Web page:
Resource and Environmental Degradation: LESSONS OF DARKNESS (Herzog, 1992)

Disclaimer: This is a continuation of a collection of my thoughts for a personal film portfolio; ideas deriving from Nadia Bozac’s, The Cinematic Footprint (2012): ‘Introduction’ and Ch. 2 ‘Resource’.

In Lessons of Darkness, Herzog’s genre-bending strategies and unconventional approach to cinema separates his documentary from the conventional; merging – as Bozac writes – nonfiction and fiction, the real world with the imaginary, to capture a sense of truthfulness that is only obtainable when the bounds of representational accuracy are exceeded. By breaking down specific contextual barriers, Herzog encourages his documentary to invoke an extended exploration into war and resource conflict, and the horrific consequences of this on humans and the land.

By refusing to narrow itself down to the context of 1991 politics (but still exploiting the spectacle of Kuwait’s oil spills and burning wells), Herzog’s science fictional landscape situates it as a futuristic environmental war; the after-effects of what surface after humans have left, conflict has ended, and the environment has now been left degraded.


Through the diegetic music, the operatic music dramatises the scale of furnaces and ironically conveys the “triumph” of human destruction at the consequence of wealth and greed. Herzog is also consciously abstract – through this science-fiction lens, he offers little to no context, alienating objects as an explanation for this post-apocalyptic reality. By blurring fiction with fact, Herzog self-consciously acknowledges the inability for documentary to truly represent objective fact; instead embracing its flaws through a fictionalised interpretation to uncover a larger and deeper truth.

To separate himself from other modern documentaries, Herzog avoids new media technology – which aim to create urgent, spectacular and “present-tense” liveness. Instead, he embraces the analog through shooting on a 16mm film camera, reducing many shots to single-shot shots. Here, he interrogates the scope that a single camera has to examine the wasted terrain and aftermaths of an oil war on its ecosystem – refuting the idea that multi-cameras are needed to properly capture authenticity.

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His desire for simplicity and rigidity afforded by the analog format means he relies on a stationary camera and minimal editing – avoiding any excess cuts, freeze-frames, zooms and studio shoots. Instead, he works with what Bozac calls a “vulturous patience”, shown through the use of slow pans and aerial helicopter shots, which work to let the havoc of the landscape speak for itself. This patience is accompanied by a loss of words – where the sonorous voiceover of Herzog is sparsely used to let the land speak for itself. Lessons of Darkness is void of any sort of political commentary, relinquishing it from skewed manipulation that film is subject to. But whilst the environment no longer depicts humanity living on it, the scars that impact the innocent are emphasised. The silent child in his mother’s arms, whose inability to speak after witnessing the murder of his father, epitomizes the hidden after-effects of warfare upon both its people and the land.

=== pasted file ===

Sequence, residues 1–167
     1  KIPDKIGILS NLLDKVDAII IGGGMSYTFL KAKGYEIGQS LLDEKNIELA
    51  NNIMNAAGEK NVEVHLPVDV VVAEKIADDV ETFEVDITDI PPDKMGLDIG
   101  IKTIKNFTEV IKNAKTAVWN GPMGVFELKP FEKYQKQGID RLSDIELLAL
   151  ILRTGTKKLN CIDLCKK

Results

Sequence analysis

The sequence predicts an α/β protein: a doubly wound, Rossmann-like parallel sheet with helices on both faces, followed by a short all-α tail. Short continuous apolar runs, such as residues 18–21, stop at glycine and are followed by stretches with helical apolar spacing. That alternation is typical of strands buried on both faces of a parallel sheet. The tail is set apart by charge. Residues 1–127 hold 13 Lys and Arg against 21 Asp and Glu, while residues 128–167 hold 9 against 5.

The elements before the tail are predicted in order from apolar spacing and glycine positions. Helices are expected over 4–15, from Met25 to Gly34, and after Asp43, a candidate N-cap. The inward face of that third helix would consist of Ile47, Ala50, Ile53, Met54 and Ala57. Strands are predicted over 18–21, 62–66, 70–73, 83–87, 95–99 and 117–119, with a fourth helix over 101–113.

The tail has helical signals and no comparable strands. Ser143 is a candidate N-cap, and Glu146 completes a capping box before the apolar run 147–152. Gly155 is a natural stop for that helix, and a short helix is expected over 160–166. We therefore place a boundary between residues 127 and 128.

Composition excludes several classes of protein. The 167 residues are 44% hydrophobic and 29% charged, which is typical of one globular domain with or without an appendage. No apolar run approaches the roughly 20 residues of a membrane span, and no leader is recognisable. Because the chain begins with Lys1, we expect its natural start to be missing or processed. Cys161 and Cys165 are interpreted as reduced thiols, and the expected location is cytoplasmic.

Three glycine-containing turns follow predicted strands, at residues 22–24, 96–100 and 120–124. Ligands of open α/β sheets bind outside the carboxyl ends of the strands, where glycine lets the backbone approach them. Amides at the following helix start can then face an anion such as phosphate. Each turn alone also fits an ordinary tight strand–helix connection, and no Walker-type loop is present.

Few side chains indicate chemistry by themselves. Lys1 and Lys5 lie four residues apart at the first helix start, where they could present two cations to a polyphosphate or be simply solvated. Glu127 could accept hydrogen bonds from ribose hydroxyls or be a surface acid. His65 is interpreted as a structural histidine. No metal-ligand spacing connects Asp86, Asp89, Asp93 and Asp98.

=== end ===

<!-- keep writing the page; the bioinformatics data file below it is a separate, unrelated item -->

In addition, transforming the casualty of combat from the human being to the natural environment – Herzog reduces other human life forms to what Bozac describes as “nothing less than extraterrestrial beings”. With the final closing sequence in Lessons of Darkness featuring extinguished oil fires being indulgently reignited from the display of waste and wealth, this horrific representation of humanity’s greedy appetite for oil, and the delight in their palpable desperation for it has led to the burnt land and human misery. Herzog thus undermines the war by challenging the audiences to remember the power of such fires in burning, wasting and polluting the atmosphere. He suggests for a new mode of cinema to tackle such theoretical engagement; self-reflexively using the oil-reflection as cinema’s self-reflection – demanding a reevaluation about cinema’s dependency on war, and how war is dependent on the oil it fights for.